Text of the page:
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Shirley Lake

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Spring and summertime in Tahoe offers miles and miles of hiking trails, full of wildflowers and regional birds. A few trailheads lead to the Shirley Lake hike; both are located at the very end of Olympic Valley where the Granite Chief Wilderness begins. If you’re a trailblazer or having trouble finding the trailhead, simply follow Squaw Creek up and into the forest, find the blue blazes (spray-painted blue lines), and you’re hiking in the right direction. While locals and youngsters may use this method, we recommend you ask someone where the Shirley Lake trailhead is. Once you find the trail, the signage tells you that the hike goes for about four miles round-trip, with a moderate 1,300-foot elevation gain.

As you stroll along the trail’s initial wide dirt pathway, admiring all kinds of pine trees and multiple manzanita bushes, you might question the hike’s “modesty” when you begin to climb over granite rocks and roots and stumps to merely stay on the trail. Never fear; the trail levels out and redeems itself with its unique and super fun rock-hopping feature. Take a break as you arrive at the first swimming hole stop, fully equipped with a waterfall (and a secret cave if the rocks are dry enough to mosey around). We urge you to keep on truckin’, though, because you’ll come across plenty of picnic spots, not to mention Shirley Lake itself.

Peruse the Granite Chief Wilderness in all its glory: deadwood hanging onto life; lichen that looks like Halloween; families of dead trees that have stayed together; clear swimming holes and slides, complete with beach-like pools of sand; rugged Juniper bushes that look nothing like the ones in your front yard. Meanwhile, Squaw Valley’s mountains tower over Shirley’s red rocky canyon.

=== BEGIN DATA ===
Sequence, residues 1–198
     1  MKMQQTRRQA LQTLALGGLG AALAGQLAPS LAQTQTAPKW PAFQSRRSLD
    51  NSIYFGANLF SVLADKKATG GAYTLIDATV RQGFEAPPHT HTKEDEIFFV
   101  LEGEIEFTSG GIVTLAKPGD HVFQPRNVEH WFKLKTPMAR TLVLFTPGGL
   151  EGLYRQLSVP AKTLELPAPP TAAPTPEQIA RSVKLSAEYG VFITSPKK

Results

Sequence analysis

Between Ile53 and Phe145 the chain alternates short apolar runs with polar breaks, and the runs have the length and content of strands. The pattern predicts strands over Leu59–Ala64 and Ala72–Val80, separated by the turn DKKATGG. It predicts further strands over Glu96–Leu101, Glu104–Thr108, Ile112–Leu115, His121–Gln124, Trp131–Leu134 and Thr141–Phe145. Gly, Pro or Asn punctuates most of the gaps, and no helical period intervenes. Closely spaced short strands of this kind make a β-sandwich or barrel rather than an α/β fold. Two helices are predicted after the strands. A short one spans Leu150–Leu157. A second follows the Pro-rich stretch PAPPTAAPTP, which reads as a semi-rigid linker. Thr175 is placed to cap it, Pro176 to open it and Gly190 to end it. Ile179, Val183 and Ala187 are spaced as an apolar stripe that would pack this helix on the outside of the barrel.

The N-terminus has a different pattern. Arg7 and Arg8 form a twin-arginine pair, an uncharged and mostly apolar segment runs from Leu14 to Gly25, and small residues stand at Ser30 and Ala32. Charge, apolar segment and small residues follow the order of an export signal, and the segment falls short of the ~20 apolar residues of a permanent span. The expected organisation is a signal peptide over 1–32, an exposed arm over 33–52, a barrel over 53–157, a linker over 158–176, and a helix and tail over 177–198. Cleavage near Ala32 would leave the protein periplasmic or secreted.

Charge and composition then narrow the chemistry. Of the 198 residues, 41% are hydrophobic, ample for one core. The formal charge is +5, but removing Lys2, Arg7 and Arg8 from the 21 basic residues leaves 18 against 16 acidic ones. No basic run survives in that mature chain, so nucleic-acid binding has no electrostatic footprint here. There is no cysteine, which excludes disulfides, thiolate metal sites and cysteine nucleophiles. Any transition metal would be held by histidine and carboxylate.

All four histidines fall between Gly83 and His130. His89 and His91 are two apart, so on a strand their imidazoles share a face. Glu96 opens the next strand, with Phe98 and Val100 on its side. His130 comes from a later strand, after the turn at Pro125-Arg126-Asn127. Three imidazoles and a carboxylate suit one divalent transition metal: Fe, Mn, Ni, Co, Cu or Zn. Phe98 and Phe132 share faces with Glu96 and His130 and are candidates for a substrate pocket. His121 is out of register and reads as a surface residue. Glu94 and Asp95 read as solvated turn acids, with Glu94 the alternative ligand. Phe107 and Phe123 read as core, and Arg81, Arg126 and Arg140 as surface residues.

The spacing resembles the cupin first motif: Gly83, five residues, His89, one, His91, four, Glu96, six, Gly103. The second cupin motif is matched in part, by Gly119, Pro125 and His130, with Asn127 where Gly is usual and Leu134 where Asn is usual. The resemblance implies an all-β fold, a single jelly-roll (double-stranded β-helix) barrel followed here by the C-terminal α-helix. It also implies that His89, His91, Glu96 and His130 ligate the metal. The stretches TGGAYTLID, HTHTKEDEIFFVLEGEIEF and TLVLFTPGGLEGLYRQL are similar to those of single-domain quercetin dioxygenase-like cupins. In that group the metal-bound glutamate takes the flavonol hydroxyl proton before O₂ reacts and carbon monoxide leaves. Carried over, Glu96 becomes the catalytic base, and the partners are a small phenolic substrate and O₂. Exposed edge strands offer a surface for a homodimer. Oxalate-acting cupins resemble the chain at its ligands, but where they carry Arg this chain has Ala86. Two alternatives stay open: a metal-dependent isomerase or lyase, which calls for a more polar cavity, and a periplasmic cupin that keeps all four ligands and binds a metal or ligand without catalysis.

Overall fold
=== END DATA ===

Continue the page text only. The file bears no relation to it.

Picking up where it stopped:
You might pause in your tracks to witness a fallen tree’s gnarled, ancient root system. Compare it to Van Gogh’s “Starry Night” or Dali’s surrealism. Then, find more milky universes inside even more pine tree roots. One perfect granite slab reminds you of your mother’s kitchen countertops. The long, red lady fingers of a willow bush in pre-bloom stretch out to you in early spring. Around the bend, roaring waterfalls slink over mountains of granite slabs and you think, Is this mountain made of dirt or rocks? as you continue to play rock-hopscotch with the blue-blazed trail. As you reach the top of Shirley Lake, things get bigger.

Granite rock slabs transform into great walls of California and appear as silent, rumbling drums. The lake stretches wide and glossy. Pines and aspens scatter its edges and you think, Man, this is a great spot for a picnic.

On your way down, spy things you missed on the way up. Hear the slight crunch of pine cone petals under your feet. Offer condolences to a fallen, carved-in aspen with a still-chartreuse trunk. Your naturalist friend pulls out her “Sierra Nevada” guidebook and advises that that stick of tiny, shriveled tomatoes you pointed out is actually a parasitic plant, something like a pine drop. You thank her, gaze towards the sky, and think, Maybe I’ll take up birding, because Shirley Lake will do that to you.

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